I actually looked up the same title before I started this post. I remembered writing about it when this lesson had to be taught to Christopher.
Christopher says it so easily now. He does something wrong and he just says sorry and so far, he genuinely means it.
Caylee is going through this stage now. An incident happened however that changed her demeanour forever (I am hoping).
As usual this girl loves to disturb her brother. So happen kung kung was playing with Christopher building some lego and block structure. And this little girl slowly inched her leg out and made a structure stumble.
Kung kung was so mad with her that he smacked her leg. Of course she cried and screamed. Given poh poh was sick, I took over Caylee's discplining.
I pulled her to the back room (which is also her crying and calming down room) and made her sit down. I left her there until her crying started to wear down. I normally leave her there and tell her she can only come out when she has stopped crying.
So, when her crying simmered down, I went in to talk to her. I asked what she did. She told me she knock kor kor's toys. I asked her if what she did was wrong. She said yes, what she did was wrong. I asked her what she should do if she did something wrong. She said I should say sorry. So I told her to go out and say sorry to both kung kung and kor kor. And she practised saying it in the room with me.
As I was walking out of the room, she lagged behind. I asked her to come on and get it over with. She said in that quiet still voice. "Mummy, I am scared."
I tried to coax. I even threatened to leave her in the room tonight and she can sleep there all by herself if she doesn't say sorry. She actually looked around the room to see if she could muster enough courage to sleep in the room herself. That was the degree of fear she had to face the situation.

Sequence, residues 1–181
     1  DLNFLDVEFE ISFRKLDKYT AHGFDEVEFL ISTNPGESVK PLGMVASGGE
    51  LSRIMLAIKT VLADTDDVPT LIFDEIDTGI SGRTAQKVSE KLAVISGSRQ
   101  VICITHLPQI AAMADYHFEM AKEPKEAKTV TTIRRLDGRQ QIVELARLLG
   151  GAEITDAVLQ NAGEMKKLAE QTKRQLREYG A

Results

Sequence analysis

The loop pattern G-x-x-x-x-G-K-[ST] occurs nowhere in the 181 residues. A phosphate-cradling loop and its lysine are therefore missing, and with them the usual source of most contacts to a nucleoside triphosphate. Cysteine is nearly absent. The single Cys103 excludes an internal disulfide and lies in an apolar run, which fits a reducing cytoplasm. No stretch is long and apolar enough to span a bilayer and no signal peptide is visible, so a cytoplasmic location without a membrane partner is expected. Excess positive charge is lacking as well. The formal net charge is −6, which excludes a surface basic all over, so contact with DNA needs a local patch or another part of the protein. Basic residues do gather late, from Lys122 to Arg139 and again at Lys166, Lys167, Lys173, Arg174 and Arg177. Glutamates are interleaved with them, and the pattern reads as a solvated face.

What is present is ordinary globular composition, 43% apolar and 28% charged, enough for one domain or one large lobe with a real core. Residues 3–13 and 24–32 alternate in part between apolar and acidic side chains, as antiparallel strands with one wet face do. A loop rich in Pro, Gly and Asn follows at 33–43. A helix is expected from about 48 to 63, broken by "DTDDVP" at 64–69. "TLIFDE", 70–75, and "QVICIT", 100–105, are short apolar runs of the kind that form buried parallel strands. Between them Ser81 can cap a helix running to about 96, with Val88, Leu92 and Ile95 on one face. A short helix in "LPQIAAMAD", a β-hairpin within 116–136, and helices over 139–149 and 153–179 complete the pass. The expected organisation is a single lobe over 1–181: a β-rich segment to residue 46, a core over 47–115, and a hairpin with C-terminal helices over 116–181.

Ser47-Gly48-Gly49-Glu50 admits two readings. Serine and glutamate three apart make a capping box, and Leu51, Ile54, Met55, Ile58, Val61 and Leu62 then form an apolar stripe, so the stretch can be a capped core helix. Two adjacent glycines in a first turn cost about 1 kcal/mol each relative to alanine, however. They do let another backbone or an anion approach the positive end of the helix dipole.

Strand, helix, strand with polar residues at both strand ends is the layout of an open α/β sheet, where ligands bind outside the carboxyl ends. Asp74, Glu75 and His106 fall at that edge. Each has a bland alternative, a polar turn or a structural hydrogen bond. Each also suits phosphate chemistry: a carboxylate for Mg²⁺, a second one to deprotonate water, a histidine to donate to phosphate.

In the end, I brought her out. Made her talk to kung kung without saying sorry first. When kung kung touched her to hug her, she literally sobbed. Despite it all, my heart broke to see her emotional struggle.
She told kung kung she is tired. She will be going upstairs to sleep. Good night kung kung. Sorry kung kung. And then she quickly turned to me 'Mummy, please bring me upstairs'. She also apologised to kor kor and said good night to kor kor.
Since then, whenever she accidentally or purposely did something wrong, she would quickly say sorry. No need to be told to say sorry.
For me and kor kor, Caylee usually has no trouble saying sorry. Although perviously it was not the most remorse sorry. But she says it and tries to make up. After the kung kung incident, I find her sorry now more cautious. She says sorry and then looks at you (with a little fear) trying to gauge if you are still angry.
It is the hardest word to learn, harder than please and thank you. But what a powerful word it is.